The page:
So, what’s the Seventh all about, this typically massive Mahler symphony? The conventional answer is that it’s a transitional work, connecting the darker Sixth Symphony to the triumphant Eighth. Of course, musical scholars are keen on pointing out how Mahler interconnected all nine (or ten or eleven) of his symphonies, forming one grand musical statement. If there is a sublime scheme in things, the Seventh has long been the neglected stepchild of the lot. While the other symphonies get all the love, the Seventh often goes wanting.

Gustav Mahler (1860-1911) wrote the Symphony No. 7 in E minor in 1904-05, and it is probably his most biographical work. Along with the Fifth and Sixth Symphonies, the Seventh forms a middle trio of Mahler symphonies, all of them purely orchestral, with the Seventh being the oddest of the group. Even more so than most of Mahler’s works, its five movements are open to multiple interpretations, and with practically every conductor on Earth having recorded them, we get a variety of readings. I remember one critic once explaining that the symphony was a recounting by Mahler of his trip to the countryside, complete with his packing of suitcases, traveling through rural roads, along pastures, and on to his destination. Other critics see its five movements more generally as a journey from dusk until dawn or a night walk into morning, a kind of eccentric, extended nocturne.

Maestro Stenz takes a more middling approach than most conductors, attempting to make the music all things to all people. He opens the symphony (when "Nature roars") on an appropriately heavy note, setting us up as Mahler intended for a journey from darkness into light, for as the composer himself commented, it was a work of "predominantly cheerful, humoristic content." Well, whether you believe that or not is beside the point. I suppose you could say that most of Mahler's work was "humoristic" if you count the various ironic, sardonic movements.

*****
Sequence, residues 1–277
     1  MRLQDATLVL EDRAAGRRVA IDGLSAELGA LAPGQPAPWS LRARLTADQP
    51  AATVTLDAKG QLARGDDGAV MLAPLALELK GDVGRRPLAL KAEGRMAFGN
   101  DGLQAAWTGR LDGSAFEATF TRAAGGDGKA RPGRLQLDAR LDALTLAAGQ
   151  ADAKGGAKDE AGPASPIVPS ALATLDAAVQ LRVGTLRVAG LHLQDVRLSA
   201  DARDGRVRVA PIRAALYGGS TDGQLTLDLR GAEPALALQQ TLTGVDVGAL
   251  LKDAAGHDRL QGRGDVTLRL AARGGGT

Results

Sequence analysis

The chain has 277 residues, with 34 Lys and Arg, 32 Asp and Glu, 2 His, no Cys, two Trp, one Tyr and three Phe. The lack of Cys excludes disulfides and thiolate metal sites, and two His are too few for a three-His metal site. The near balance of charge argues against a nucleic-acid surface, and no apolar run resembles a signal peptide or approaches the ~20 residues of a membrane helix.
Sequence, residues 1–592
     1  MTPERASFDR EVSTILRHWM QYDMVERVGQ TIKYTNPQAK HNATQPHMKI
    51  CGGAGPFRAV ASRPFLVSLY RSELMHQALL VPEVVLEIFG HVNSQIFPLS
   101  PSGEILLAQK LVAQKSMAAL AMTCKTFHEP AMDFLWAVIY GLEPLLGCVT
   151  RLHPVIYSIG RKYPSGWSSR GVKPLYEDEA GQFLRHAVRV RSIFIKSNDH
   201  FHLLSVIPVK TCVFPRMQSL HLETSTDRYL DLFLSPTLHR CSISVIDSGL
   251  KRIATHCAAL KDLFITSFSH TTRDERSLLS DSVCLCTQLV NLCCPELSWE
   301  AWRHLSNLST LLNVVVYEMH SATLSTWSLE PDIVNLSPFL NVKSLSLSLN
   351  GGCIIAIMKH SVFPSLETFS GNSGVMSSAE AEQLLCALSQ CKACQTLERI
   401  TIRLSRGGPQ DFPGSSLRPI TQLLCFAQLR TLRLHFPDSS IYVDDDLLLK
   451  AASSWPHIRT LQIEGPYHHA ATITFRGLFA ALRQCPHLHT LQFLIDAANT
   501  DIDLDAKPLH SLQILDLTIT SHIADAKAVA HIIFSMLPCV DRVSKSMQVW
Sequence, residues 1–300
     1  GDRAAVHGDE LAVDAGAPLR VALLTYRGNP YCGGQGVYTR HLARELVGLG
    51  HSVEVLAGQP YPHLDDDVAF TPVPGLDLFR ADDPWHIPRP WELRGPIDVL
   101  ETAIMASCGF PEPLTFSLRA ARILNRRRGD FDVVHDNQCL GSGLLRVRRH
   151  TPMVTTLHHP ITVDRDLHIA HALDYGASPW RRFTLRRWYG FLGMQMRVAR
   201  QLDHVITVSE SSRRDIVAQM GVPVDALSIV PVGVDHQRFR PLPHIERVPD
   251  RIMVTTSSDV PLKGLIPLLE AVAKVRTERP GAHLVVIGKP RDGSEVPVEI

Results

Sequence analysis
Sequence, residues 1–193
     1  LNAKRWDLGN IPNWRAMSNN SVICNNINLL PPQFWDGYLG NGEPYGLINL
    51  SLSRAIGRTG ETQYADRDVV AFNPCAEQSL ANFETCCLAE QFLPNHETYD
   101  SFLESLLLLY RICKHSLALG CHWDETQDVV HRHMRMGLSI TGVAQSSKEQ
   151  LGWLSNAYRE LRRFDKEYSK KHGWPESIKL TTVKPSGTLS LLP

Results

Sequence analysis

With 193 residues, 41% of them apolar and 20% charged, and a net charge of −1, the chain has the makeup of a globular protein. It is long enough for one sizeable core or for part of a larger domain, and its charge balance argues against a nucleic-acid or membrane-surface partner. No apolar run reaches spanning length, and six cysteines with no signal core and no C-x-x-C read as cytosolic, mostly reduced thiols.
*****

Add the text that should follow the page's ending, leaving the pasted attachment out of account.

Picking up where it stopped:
Let's say that Stenz carries out the composer's instructions that "the music must always contain a longing for beyond this world." Stenz provides an airy, singing, otherworldly quality to the playing. This is particularly evident in the two Nachtmusik interludes that bookend the middle movement. These serenades have a lilting yet shadowy air about them, the second one more pastoral than the first.

Then, speaking of "shadowy," the central Scherzo is a kind of demonic dance macabre, which Stenz pulls off pretty well, without making it too melodramatic. Although it's still a little creepy, it's never a caricature of itself. It seems more of an inevitable piece of the bigger composition than sometimes occurs when a conductor gets carried away with the bizarre nature of Mahler's creation. The unrest is there, but it's mostly just mysterious without being cacophonous.